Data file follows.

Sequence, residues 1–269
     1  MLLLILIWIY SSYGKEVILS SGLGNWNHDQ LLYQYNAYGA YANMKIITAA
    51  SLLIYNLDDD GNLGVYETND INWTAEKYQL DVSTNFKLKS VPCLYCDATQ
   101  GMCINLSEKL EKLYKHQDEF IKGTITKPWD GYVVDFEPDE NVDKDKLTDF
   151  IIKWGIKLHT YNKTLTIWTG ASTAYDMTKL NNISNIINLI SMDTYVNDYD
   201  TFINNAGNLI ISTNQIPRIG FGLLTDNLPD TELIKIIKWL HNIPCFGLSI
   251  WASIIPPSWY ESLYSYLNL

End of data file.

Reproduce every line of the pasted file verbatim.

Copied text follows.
Sequence, residues 1–269
     1  MLLLILIWIY SSYGKEVILS SGLGNWNHDQ LLYQYNAYGA YANMKIITAA
    51  SLLIYNLDDD GNLGVYETND INWTAEKYQL DVSTNFKLKS VPCLYCDATQ
   101  GMCINLSEKL EKLYKHQDEF IKGTITKPWD GYVVDFEPDE NVDKDKLTDF
   151  IIKWGIKLHT YNKTLTIWTG ASTAYDMTKL NNISNIINLI SMDTYVNDYD
   201  TFINNAGNLI ISTNQIPRIG FGLLTDNLPD TELIKIIKWL HNIPCFGLSI
   251  WASIIPPSWY ESLYSYLNL